About 60 Blacks in Chicago died from COVID-19 in September, tying August for the highest number of fatalities since May, but in Cook County more Blacks died from the disease, ac- cording to a Crusader analysis of data from the Cook County Medical Examiner’s Office.
The Chicago fatalities equal August’s statistics that showed Blacks in Chicago had 60 COVID-19 deaths, more than any other ethnic group despite being nearly 29 percent of the city’s population. This time, Chicago’s white population had the most COVID-19 deaths.
Overall in Cook County, there were 296 deaths in September. There were 101 COVID-19 deaths among Black residents, higher than last month, where 80 Blacks died from the disease.
It was the second-highest among Cook County’s ethnic groups.
The group with the highest COVID-19 fatalities in Cook County and Chicago were whites. According to health data, there were a total of 134 deaths in Cook County, including 68 in Chicago. Latinos had 48 COVID-19 deaths in Cook County, including 30 in Chicago.
The 60 COVID-19 deaths among Blacks in September include 50 females and 51 males. Four victims were in their 20s, two in their 30s and 13 were in their 40s. Twenty-three of the Black victims were in their 60s, the largest age group among the fatalities.
Austin (60644) and Washington Park and Woodlawn (60637) had the most fatalities with three COVID-19 deaths each.
In Chicago, 5,970 residents have died from COVID-19, including 2,416 Blacks, 1,940 Latinos and 1,293 whites. Statewide, 25,076 people have died, including 4,617 Blacks, 3,841 Latinos and 15,370 whites.
Nationally, 703,278 people have died from COVID-19, according to Johns Hopkins University. At least 66,877 American Blacks have died from the disease, according to the Centers for Disease Control and Prevention. Worldwide, 4,808,307 people have died from COVID-19.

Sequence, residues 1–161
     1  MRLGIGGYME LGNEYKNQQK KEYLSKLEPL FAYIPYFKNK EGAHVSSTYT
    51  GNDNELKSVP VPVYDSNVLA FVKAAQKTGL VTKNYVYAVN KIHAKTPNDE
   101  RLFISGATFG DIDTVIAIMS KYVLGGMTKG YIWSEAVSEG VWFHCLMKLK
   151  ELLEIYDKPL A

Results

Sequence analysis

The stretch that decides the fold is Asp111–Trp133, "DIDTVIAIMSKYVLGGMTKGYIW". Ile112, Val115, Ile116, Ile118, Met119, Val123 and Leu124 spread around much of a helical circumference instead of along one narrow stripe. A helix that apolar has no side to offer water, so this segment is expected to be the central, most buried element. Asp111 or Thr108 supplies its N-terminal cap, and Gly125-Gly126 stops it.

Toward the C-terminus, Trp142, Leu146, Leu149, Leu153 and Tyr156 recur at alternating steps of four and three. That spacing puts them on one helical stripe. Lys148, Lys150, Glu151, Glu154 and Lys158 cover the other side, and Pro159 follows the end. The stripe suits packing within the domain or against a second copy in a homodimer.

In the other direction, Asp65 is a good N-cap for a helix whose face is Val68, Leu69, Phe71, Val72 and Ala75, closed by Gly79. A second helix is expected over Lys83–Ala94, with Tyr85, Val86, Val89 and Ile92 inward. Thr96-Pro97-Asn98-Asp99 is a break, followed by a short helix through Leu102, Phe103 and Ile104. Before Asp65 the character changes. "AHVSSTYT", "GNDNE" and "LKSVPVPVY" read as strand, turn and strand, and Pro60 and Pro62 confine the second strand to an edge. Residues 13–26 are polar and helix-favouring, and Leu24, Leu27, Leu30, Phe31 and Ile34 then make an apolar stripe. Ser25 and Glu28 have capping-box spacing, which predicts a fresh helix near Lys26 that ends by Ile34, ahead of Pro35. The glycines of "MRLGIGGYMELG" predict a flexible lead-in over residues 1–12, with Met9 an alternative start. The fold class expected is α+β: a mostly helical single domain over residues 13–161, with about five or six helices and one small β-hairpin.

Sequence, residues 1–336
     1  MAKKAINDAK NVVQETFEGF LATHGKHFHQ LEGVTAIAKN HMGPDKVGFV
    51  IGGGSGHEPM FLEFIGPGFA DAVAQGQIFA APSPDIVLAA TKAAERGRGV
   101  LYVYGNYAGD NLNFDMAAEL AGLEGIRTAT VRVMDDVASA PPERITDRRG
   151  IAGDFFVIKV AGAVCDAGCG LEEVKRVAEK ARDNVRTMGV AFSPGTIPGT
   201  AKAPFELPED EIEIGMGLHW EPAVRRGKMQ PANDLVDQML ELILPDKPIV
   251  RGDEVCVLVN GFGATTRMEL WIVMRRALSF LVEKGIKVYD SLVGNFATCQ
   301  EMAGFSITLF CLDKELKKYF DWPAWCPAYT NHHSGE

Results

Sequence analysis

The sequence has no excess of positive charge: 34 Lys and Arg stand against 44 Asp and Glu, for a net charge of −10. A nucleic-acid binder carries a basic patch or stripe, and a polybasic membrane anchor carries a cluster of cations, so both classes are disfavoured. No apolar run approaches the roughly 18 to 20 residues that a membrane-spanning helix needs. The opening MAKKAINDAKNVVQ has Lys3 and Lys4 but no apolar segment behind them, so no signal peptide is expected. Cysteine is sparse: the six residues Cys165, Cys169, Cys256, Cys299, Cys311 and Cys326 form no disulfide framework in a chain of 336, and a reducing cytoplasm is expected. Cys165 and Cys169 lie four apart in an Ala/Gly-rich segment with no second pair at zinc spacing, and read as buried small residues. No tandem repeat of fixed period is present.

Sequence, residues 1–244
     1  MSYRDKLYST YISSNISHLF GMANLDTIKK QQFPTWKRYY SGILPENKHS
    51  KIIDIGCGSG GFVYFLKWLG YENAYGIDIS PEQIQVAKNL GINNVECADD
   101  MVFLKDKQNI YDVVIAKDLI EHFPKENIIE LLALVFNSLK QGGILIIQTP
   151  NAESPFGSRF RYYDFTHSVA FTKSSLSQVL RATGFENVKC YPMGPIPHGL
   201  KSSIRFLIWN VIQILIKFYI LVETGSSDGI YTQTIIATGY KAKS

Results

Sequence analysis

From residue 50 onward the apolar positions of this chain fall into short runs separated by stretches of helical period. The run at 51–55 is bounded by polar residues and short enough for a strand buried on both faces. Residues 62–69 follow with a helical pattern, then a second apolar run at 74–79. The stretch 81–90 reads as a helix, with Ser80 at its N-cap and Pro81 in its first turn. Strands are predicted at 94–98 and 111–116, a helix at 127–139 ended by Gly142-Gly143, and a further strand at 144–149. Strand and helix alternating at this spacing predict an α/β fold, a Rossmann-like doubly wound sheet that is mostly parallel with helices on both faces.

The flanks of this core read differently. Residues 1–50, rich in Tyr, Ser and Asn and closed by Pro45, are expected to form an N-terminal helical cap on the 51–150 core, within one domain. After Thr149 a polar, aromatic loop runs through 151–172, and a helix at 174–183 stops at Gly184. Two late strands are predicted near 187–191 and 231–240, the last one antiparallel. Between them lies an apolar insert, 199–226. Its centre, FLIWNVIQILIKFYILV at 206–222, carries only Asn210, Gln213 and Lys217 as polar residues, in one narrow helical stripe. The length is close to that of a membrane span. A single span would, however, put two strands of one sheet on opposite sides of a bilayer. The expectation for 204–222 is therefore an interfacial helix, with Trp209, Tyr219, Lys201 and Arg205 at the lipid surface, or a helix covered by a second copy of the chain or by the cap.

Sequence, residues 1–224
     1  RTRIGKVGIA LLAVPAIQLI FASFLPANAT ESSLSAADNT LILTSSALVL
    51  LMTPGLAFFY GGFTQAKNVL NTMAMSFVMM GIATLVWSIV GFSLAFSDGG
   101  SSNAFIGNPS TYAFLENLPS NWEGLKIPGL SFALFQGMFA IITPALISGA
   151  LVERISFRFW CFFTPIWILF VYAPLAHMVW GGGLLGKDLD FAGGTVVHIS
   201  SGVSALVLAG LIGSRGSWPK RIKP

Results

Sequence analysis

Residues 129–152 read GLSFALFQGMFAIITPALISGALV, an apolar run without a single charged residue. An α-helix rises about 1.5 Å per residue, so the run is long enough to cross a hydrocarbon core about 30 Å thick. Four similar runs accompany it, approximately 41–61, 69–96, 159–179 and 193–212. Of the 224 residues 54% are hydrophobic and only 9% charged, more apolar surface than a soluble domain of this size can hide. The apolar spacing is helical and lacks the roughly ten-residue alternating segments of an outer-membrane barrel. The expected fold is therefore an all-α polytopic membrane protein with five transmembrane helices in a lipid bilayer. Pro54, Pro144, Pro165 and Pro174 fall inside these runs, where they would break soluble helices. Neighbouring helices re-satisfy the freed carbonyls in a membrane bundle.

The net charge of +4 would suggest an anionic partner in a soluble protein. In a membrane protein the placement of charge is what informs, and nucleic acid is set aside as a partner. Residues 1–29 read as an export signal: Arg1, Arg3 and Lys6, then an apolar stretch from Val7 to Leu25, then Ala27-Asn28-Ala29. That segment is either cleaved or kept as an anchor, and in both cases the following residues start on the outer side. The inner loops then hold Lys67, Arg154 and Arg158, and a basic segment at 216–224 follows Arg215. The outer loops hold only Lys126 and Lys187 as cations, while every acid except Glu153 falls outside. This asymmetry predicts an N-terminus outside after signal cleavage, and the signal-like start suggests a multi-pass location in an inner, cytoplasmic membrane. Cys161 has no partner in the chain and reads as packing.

Last month, Mayor Lori Lightfoot and the Chicago Department of Public Health announced Protect Chicago 77 – a new, citywide community engagement campaign to ensure that at least 77 percent of all Chicago residents ages 12 and up have started their COVID-19 vaccination series by the end of the year.
“Getting vaccinated remains the best way to be protected against COVID-19 and its variants, and to protect your loved ones and community,” said Mayor Lightfoot. “That’s why I’m taking the Protect Chicago 77 pledge, and I encourage everyone else to do so as well so we can reach a citywide vaccination rate of 77 percent. From stopping the spread of vaccine misinformation to supporting businesses in one’s community that make vaccine safety a priority, or even talking to that reluctant family member about why it’s so important to step up at this moment, every resident can do something meaningful to help us reach this vital vaccination milestone.”
Equity has been at the center of the City’s vaccine rollout from the beginning and remains so as part of Protect Chicago 77. Working closely with local community stakeholders to develop tailored vaccination and engagement strategies to help residents in those neighborhoods get vaccinated has always been key to the City’s equitable COVID-19 vaccine rollout. Bringing even more partners on board to support this work – residents, businesses, organizations, and health care providers – will be key to reaching the Protect Chicago 77 goal of having at least 77 percent of adults and eligible children in the city with at least one dose of the vaccine by December 31, 2021.
“Historically our communities have lagged behind on a variety of issues related to the social determinants of health due to a lack of access,” said Carlos Nelson, CEO of Greater Auburn Gresham Development Corporation. “The Protect Chicago 77 initiative removes the barrier of access and utilizes community members with deep roots in the community to help deliver vaccination education and vaccines to help save lives.”
Thanks to the generosity of funding provided by The Field Foundation of Illinois, Inc. in producing this article.